Trans fats are considered ‘bad’ fats and have been shown to be potentially harmful. They raise bad (LDL) cholesterol and can lead to heart disease. Most of the foods that contain this type of fat can be found in processed and fast foods.
Like fats, there are plenty of good carbs. Favorable carbohydrates include asparagus, green beans, broccoli, mushrooms, spinach, and squash. They are most nutritious if eaten as close to their natural state as possible. Beans and 100% whole grains (like brown rice or quinoa) are also healthy carbohydrates.
There are also fruits that fall in the favorable category: apples, berries, oranges, peaches, and pears should be eaten sparingly since they are high in sugars AND starch.
For pasta and bread lovers, apologies in advance. We suggest clients stay away from white (and other processed) bread, muffins, cookies, white rice, rice crackers, and pasta. Although they taste good, since they are processed, they are very easily digested, and the carbohydrates are broken down and absorbed quickly. Once carbs are digested, simple sugars pour into your bloodstream and are gobbled up by the insulin released by the pancreas. Lastly, they are converted to fat. Unrefined grains or sprouted grains trigger less of a response than processed grains. Of course, you should still eat sparingly.
Cottage cheese and plain yogurt are good sources of fat and protein. Great alternative choices are goat and sheep cheeses. The healthiest dairy products come from grass-fed cows. Their milk is more nutritious and has more beneficial fatty acids and fat-soluble vitamins. Fermented dairy products such as yogurt and kefir are an even better option.
If possible, try to choose organically grown vegetables, and fruits. In addition, choose meat and dairy products from animals raised on organic farms. These are free of chemical fertilizers, insecticide residues, added hormones, and other ‘extras’ that have been shown to be detrimental to your health. They also tend to be higher in nutrients.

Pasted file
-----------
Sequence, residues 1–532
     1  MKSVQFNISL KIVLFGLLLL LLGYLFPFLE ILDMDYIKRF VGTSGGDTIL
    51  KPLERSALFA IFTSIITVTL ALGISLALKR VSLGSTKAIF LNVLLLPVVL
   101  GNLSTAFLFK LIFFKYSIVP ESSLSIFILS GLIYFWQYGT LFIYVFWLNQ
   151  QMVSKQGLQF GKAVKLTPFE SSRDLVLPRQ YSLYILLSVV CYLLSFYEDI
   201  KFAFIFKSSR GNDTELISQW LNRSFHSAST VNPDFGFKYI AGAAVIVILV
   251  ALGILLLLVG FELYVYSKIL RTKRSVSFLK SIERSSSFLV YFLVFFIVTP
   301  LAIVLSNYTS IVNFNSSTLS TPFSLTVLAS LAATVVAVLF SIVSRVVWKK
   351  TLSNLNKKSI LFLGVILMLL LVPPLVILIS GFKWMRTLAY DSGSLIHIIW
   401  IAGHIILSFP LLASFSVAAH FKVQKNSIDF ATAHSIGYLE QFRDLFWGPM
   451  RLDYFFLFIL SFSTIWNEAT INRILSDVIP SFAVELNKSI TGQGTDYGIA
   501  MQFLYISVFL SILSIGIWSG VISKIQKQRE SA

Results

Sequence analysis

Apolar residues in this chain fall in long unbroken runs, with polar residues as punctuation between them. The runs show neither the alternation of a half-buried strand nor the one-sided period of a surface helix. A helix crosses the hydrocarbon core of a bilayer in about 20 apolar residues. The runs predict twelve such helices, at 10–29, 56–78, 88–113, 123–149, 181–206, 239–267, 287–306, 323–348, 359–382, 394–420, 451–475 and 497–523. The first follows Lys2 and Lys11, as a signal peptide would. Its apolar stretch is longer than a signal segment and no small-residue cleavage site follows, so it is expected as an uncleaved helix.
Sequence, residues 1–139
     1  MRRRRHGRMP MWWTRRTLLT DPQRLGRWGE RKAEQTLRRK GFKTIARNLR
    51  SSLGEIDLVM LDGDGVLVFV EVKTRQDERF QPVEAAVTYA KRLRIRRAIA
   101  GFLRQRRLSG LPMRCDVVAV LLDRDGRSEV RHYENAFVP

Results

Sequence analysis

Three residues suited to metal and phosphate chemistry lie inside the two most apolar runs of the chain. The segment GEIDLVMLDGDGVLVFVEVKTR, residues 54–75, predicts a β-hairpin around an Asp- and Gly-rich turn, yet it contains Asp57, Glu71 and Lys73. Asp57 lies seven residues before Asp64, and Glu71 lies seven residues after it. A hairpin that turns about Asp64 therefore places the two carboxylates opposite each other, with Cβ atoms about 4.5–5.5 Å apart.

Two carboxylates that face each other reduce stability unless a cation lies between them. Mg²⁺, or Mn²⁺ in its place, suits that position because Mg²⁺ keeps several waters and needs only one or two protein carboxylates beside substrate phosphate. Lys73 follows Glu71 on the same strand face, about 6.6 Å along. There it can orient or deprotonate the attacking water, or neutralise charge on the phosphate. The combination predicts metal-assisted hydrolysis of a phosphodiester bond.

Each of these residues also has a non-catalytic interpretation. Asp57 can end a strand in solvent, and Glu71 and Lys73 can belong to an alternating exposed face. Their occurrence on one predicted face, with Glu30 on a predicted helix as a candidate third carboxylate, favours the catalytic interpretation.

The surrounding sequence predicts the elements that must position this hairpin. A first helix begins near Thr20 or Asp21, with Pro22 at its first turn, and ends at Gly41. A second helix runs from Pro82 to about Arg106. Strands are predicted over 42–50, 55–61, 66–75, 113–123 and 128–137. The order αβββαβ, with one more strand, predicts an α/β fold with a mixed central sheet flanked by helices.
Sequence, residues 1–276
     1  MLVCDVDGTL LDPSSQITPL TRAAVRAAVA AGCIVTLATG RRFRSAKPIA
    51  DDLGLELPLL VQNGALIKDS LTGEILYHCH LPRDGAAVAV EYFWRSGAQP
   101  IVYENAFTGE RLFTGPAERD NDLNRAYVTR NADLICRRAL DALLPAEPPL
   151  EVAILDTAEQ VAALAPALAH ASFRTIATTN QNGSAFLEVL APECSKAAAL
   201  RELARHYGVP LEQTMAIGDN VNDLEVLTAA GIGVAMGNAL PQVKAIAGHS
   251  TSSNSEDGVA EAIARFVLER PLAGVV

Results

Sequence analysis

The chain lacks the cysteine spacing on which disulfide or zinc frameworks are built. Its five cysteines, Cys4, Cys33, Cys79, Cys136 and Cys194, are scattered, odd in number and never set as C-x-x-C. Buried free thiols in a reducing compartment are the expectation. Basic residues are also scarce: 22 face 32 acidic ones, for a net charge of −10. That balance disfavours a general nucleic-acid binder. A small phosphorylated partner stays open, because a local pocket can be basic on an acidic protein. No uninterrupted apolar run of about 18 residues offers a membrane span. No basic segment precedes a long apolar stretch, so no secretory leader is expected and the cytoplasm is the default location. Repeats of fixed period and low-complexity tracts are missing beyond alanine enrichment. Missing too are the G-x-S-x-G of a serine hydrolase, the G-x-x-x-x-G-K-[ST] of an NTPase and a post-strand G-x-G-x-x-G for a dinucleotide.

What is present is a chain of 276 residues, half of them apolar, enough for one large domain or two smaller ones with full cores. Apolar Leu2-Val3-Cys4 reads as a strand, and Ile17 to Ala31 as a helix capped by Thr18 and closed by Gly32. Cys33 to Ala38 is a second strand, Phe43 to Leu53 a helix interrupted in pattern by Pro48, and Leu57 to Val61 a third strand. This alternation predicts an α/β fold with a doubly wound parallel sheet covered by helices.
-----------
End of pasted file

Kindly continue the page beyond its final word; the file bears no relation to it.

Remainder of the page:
Often, we hear that organic means pricier. However, this is not always the case any longer. There are plenty of affordable, organic options available. During the spring, summer and fall, be sure to take advantage of your local farmer’s market. There are many great organic finds, and at good prices.
The Right Choices
Poor diet choices can lead to weight gain, and you can find yourself craving more and more of the same types of unhealthy foods. This is a vicious cycle, but it can be broken. Craving carbs is an indicator of a diet imbalance. Take a minute to think about your daily schedule. Do you find yourself craving a treat mid-afternoon? Eating carbs can set off a domino effect. If you are going to eat carbohydrates, it is better to eat late in the day. Otherwise, you may find yourself fighting the urge all day.
Luckily, it is never too late to start eating healthier. And once you do, look for signs of progress such as decreased cravings. Keep in mind that this is a hard battle to fight. To get you over the hump, nutritional supplements are available. Before starting any supplement or vitamin plan, be sure to check with your doctor(s).
For additional meal tips, please schedule a free consultation. Weekly meal planning is also available. A healthy eating plan that is affordable, simple, and time-friendly is possible. Let’s talk today.